Tuesday, February 24, 2004

There's a little good news tonight. Unfortunately it's not about the AWB.

From Say Uncle comes a link to this story:

"A divided Supreme Court ruled Tuesday that a federal agent can be sued for violating the constitutional rights of a couple during a search of their ranch, refusing to shield officers from personal liability when they make mistakes on search warrants."

The agents in question were from the ATF & their transgression was a common one - the warrant did not name anything to be seized.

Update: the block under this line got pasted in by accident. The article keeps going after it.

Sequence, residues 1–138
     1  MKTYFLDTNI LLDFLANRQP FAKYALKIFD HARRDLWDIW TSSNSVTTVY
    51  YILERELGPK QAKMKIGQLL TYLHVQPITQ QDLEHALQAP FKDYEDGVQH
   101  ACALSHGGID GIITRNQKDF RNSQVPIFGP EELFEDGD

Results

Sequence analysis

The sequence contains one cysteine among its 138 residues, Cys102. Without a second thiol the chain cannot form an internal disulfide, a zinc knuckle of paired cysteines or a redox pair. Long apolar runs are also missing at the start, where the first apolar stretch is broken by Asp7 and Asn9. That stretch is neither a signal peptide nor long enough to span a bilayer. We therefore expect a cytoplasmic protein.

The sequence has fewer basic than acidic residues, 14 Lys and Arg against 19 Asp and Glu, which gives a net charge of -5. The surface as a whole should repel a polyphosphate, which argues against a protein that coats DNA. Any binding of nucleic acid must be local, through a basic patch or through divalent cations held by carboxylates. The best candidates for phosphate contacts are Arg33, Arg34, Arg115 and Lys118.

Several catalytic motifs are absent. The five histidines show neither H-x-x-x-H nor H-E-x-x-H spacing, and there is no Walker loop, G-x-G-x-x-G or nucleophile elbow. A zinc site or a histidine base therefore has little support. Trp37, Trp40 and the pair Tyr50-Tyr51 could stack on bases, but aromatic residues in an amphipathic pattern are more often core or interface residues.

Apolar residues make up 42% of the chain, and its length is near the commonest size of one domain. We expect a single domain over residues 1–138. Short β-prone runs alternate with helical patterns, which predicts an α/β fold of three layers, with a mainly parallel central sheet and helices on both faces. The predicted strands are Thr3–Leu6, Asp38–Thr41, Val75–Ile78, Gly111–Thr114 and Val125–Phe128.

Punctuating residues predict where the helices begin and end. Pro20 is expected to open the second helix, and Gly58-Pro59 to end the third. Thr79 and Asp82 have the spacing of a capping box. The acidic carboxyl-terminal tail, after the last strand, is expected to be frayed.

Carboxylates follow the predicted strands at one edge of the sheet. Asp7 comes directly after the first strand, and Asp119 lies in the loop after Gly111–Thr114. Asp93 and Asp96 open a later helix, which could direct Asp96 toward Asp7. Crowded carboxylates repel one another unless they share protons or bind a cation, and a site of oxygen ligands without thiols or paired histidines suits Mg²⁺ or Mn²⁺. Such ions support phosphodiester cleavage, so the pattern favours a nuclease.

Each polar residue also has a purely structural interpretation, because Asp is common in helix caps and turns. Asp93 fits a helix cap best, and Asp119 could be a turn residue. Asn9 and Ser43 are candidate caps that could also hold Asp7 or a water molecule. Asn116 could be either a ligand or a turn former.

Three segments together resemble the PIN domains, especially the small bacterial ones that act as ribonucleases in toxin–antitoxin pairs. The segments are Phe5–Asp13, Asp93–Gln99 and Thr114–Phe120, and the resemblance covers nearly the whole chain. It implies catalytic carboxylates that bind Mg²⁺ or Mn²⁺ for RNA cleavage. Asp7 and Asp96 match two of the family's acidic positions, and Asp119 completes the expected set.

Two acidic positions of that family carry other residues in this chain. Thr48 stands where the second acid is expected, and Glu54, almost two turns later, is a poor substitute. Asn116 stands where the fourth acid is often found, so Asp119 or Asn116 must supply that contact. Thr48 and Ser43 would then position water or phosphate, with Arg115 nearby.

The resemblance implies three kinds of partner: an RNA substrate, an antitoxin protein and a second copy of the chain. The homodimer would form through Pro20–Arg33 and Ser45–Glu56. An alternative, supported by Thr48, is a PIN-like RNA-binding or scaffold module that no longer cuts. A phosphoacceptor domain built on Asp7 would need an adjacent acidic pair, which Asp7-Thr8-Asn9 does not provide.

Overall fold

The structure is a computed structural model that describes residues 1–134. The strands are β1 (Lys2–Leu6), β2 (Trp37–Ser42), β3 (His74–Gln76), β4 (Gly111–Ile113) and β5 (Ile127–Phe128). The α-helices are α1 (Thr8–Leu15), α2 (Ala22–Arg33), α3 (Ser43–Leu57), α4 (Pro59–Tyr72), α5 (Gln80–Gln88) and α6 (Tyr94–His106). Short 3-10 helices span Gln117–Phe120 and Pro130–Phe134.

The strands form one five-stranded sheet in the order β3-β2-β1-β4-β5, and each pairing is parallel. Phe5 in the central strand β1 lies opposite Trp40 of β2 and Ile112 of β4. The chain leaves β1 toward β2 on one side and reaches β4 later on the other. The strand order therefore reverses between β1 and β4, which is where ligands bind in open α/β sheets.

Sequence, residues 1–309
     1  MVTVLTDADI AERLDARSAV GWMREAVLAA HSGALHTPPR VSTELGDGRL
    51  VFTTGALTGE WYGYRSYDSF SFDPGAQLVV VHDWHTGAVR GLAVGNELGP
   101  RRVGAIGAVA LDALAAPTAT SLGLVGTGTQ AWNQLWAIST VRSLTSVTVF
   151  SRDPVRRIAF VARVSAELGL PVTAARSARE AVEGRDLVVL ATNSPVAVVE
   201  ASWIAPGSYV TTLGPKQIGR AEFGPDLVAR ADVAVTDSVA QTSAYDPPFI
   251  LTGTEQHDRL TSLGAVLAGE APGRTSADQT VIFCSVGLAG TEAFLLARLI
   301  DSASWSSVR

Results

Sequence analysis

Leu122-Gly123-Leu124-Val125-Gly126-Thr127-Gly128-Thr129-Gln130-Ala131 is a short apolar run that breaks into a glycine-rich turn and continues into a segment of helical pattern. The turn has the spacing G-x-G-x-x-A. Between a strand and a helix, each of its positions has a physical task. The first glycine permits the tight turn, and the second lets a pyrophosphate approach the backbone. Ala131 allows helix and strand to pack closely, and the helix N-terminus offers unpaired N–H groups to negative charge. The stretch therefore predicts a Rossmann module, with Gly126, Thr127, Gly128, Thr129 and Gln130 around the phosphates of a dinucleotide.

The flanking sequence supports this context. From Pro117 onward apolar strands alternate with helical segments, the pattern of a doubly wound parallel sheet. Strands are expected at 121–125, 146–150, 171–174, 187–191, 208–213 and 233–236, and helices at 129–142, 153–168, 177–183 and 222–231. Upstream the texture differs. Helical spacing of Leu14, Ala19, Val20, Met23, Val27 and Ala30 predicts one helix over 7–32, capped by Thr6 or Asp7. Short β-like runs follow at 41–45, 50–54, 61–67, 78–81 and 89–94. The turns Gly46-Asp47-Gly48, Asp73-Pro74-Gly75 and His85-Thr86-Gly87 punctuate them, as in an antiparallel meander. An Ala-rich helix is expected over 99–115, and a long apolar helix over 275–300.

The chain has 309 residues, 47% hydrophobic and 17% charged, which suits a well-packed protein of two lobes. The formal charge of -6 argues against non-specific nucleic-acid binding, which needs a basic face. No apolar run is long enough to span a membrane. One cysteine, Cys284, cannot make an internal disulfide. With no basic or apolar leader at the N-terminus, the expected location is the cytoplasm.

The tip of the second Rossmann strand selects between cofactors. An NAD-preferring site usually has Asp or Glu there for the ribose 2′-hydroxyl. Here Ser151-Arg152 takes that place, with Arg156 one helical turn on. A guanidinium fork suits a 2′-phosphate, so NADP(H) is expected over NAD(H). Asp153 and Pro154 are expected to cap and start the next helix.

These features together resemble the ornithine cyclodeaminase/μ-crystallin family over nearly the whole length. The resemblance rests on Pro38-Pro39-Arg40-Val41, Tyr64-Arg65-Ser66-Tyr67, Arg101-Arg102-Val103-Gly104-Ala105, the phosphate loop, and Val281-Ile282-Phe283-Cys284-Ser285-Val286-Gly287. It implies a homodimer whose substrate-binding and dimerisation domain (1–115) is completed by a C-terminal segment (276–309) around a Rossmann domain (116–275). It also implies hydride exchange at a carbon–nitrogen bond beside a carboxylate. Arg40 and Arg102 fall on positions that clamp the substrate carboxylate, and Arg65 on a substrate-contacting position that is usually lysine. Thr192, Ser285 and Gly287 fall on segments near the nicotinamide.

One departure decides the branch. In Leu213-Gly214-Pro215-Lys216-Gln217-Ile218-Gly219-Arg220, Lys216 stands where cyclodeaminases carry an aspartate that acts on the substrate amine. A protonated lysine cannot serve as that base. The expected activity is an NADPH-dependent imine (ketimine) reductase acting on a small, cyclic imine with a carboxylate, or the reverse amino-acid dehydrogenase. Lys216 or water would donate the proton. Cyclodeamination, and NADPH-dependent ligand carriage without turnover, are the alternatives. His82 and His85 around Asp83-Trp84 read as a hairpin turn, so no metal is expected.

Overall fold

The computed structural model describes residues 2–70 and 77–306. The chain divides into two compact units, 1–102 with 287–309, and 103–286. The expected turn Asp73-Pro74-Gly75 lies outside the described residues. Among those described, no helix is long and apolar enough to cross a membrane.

From what I've heard over the years, the ATF have a bad habit of serving warrants just like that. Hopefully this will put a stop to it.

Here's why it's a bad thing to have a blank space like that in a warrant:

Amendment IV

The right of the people to be secure in their persons, houses, papers, and effects, against unreasonable searches and seizures, shall not be violated, and no warrants shall issue, but upon probable cause, supported by oath or affirmation, and particularly describing the place to be searched, and the persons or things to be seized.

Emphasis added by SCOTUS. :)

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